Also, you must resist falling so in love with your new, promising medtech product or service that you fail to establish that all-important context. Inventors are often clinicians and engineers who understand the clinical perspective but not necessarily the needs and expectations of others. Putting the rigor in on the front end will help your technology pitch make more sense and be more appealing, especially if it comes with a premium.

Timing Can Be Everything

In one instance involving a respiratory project, a closed-circuit ventilation system was developed that allowed clinicians to do procedures without actually opening the circuit and potentially exposing themselves (and/or the patients) to viral or bacterial threats. In ordinary times, this may not have seemed like that big of a deal but in the midst of a pandemic, that sort of technology was a blessing and a godsend.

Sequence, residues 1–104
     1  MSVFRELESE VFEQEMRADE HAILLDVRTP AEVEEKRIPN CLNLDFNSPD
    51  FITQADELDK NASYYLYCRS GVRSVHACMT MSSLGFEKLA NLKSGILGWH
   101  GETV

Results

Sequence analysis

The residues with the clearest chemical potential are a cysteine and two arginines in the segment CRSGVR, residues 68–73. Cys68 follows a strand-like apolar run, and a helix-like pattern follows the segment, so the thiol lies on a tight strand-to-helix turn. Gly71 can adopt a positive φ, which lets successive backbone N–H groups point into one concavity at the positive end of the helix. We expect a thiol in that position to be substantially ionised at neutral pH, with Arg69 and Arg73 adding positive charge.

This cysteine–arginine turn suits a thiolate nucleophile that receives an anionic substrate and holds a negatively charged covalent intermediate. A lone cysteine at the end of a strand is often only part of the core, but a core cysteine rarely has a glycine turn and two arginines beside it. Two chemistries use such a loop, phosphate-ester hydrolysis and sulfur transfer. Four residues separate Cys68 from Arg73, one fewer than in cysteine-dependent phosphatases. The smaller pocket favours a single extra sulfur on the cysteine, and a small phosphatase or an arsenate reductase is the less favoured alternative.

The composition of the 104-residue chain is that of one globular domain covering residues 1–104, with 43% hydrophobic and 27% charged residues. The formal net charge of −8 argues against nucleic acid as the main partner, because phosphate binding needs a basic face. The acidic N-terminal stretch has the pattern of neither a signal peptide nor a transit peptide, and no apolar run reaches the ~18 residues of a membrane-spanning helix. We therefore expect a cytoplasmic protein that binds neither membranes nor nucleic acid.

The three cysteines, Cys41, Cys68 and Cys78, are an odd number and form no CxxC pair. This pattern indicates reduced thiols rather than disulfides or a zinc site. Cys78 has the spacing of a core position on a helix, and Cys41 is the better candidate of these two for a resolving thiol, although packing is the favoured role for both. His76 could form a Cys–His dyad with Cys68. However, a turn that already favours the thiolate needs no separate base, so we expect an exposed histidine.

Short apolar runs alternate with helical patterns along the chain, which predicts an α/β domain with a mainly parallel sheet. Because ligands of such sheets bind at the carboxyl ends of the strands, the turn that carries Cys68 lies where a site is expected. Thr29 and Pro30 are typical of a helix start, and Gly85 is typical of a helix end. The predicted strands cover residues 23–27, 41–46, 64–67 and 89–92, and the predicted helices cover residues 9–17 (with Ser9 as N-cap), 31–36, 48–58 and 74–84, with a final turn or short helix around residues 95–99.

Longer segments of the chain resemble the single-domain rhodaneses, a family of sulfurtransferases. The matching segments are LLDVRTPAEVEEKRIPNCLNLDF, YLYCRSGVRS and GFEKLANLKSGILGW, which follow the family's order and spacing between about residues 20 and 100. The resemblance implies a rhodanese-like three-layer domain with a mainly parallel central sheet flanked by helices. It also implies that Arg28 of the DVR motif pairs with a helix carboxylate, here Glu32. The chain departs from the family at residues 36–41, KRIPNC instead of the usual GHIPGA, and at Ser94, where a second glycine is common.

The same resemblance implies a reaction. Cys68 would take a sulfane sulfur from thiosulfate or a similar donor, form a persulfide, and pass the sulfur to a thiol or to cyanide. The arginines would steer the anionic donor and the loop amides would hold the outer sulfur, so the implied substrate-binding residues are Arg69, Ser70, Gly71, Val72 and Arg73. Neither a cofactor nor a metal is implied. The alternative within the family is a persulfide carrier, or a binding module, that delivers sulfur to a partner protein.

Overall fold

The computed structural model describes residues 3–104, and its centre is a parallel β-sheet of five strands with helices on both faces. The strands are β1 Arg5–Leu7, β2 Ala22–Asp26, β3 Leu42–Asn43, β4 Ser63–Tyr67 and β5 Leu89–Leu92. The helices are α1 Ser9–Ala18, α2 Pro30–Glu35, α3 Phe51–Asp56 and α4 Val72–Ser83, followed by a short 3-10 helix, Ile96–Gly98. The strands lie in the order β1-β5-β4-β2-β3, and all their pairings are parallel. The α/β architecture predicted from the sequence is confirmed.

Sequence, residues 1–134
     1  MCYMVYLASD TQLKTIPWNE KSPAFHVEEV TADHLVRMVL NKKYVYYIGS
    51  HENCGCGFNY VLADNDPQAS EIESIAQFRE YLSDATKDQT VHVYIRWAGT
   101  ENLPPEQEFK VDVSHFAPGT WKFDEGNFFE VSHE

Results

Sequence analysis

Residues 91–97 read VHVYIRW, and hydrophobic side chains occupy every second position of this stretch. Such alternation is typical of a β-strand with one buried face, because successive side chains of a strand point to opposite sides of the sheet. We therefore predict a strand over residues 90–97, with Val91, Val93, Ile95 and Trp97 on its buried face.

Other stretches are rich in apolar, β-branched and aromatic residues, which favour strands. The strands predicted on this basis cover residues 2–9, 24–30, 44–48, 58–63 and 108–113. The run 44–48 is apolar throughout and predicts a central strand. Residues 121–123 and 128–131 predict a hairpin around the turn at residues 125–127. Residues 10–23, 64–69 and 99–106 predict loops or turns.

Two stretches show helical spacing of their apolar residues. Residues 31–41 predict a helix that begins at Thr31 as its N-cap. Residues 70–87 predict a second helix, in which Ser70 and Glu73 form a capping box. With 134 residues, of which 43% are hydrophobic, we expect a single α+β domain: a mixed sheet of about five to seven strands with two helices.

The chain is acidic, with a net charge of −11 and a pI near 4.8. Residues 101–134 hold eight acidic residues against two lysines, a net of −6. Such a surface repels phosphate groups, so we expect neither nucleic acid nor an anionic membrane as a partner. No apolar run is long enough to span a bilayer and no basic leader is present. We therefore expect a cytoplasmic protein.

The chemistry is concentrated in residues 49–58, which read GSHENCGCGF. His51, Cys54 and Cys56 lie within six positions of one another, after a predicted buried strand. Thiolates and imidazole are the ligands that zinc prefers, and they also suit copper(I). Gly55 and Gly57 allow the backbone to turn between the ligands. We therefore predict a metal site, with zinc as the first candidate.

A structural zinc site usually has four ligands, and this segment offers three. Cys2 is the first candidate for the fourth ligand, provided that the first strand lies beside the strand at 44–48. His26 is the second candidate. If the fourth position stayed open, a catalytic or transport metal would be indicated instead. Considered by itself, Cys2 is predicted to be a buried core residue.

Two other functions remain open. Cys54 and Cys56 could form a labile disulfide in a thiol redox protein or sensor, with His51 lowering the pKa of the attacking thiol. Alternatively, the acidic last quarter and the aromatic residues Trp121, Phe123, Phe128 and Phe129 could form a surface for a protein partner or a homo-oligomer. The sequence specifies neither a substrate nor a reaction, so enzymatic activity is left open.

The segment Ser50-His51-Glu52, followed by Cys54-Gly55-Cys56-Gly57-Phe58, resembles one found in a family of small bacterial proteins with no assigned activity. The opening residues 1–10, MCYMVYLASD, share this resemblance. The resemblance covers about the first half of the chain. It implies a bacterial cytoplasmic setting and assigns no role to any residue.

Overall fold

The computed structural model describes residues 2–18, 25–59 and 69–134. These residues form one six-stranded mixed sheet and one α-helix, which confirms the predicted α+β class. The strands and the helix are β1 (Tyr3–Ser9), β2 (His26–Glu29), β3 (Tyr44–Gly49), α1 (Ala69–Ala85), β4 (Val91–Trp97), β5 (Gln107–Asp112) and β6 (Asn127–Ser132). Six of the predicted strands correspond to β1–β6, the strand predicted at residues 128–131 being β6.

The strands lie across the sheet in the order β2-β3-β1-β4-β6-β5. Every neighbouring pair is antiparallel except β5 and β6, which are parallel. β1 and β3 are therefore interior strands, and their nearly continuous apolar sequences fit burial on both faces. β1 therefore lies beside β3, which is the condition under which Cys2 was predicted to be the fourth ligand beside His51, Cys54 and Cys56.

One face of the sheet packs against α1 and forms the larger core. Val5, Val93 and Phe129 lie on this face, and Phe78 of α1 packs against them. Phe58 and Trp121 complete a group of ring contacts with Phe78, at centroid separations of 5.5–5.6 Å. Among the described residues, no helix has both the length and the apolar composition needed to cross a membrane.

Finally, during the developmental process, bright minds may discover product extensions and/or additional opportunities in other market verticals. That’s all well and good, but don’t spread yourself, your resources, and your focus too thin or you’ll find yourself dead in the water. If other viable opportunities exist with this technology, you can always come back to them after you’ve established a foothold with investors and, ultimately, in the marketplace.

Walk before you run. And run before you leap.

About The Author:

Thomas Hickey is a senior consultant at Excelerant Consulting as well as host of Med Tech Gurus, a podcast focused on medical entrepreneurship and marketing (available on Apple Podcasts and other platforms). He develops innovative strategies and tactics and possesses a deep understanding of sales strategy and sales channels. With more than 35 years’ experience in the medical device industry and executive-level experience with manufacturers and group purchasing organizations, Hickey is skilled at assessing launches, start-ups, international distribution, technology, and market feasibility. He has successfully launched several products and hired, coached, and trained hundreds of independent and distributor sales team members. He can be reached at